The trend of smaller, for-sale condos being developed at more attainable prices around Atlanta is bound for Reynoldstown.
That’s according to paperwork filed with the City of Atlanta by Thrive Residential, which shows plans for a community of condos and townhomes rising from a 2.1-acre plot the developer has bought from communications giant AT&T.
In recent years, Thrive has built nearby townhomes in the heart of Reynoldstown, along the Beltline in Old Fourth Ward, and in East Atlanta Village.
The company’s latest project at 195 Chester Avenue would include condos with about 500 square feet selling from the high $200,000s, alongside more townhouses, according to a rezoning application filed with the city last month.
Atlanta underwent a drought of new condo projects following the Great Recession, due in part to lending restrictions from banks that’d been burned during the economic downturn. More recently, however, condo proposals with smaller footprints and lower asking prices have popped up from Kirkwood (starting in the $190,000s) to Chamblee (from the $200,000s for entry sizes of 501 square feet).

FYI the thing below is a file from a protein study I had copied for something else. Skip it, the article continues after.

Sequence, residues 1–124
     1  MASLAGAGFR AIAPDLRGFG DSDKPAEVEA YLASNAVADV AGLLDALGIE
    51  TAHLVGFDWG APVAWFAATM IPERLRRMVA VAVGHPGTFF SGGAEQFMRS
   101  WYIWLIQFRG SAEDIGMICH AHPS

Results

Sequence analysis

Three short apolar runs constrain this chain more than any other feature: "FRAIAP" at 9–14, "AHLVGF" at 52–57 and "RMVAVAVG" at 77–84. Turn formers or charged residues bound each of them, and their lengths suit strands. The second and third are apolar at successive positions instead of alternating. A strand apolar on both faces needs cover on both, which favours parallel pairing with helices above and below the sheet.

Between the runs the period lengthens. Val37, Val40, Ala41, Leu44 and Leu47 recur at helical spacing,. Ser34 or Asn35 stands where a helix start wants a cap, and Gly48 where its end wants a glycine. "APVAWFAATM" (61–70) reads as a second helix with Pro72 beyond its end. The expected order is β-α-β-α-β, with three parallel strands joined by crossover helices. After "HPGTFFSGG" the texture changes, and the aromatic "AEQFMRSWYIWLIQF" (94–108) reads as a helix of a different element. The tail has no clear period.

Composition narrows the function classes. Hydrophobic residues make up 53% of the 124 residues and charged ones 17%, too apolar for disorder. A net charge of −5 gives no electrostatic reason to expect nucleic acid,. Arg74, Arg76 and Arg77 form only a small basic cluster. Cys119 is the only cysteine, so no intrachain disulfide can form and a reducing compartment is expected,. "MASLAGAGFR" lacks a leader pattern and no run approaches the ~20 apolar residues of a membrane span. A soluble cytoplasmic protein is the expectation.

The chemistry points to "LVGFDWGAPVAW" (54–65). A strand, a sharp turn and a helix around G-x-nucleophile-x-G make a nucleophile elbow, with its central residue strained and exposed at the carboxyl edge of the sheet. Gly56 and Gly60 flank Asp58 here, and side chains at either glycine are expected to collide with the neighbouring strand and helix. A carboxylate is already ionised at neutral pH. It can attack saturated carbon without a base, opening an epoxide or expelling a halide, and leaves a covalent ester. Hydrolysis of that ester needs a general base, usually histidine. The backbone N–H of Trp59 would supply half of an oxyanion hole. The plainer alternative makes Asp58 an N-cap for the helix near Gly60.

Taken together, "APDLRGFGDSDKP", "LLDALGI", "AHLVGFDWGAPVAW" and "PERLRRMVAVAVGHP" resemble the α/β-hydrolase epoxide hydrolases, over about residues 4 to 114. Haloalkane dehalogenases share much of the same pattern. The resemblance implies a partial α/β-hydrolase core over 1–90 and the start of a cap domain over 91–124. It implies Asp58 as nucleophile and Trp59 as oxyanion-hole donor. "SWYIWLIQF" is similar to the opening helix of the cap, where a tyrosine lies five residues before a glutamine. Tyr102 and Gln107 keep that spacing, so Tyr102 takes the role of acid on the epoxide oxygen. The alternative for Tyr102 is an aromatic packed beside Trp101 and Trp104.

The 764 Memorial project in nearby Cabbagetown has also sold condos in the $200,000s along Memorial Drive.
Thrive is seeking to rezone the Reynoldstown acreage it now owns from industrial to multifamily residential. AT&T reps told Curbed Atlanta last week they’d moved operations elsewhere and closed on a deal to sell the shuttered work center and surrounding parking lot to Thrive in December.
Thrive’s plans call for 67 units from the high $200,000s to high $400,000s, with a projected completion in 2022. Marketing is expected to commence this fall, per the paperwork.
Expect 22 one-bedroom, one-bathroom units of about 480 square feet, priced in the high $200,000s.
Forty-four two-bedroom, two-bathroom options with just shy of 1,000 square feet will be priced from $425,000 to $475,000.
The development would also include a singe three-bedroom, two-bathroom residence of 1,690 square feet, priced in the high $400,000s.
AT&T joins eastside corporations large and small that have cashed in on real estate with close proximity to the Beltline. (AT&T reps didn’t disclose the sales price.)
The nearby section of the Beltline—the final leg of the popular Eastside Trail—was completed and opened to the public last summer.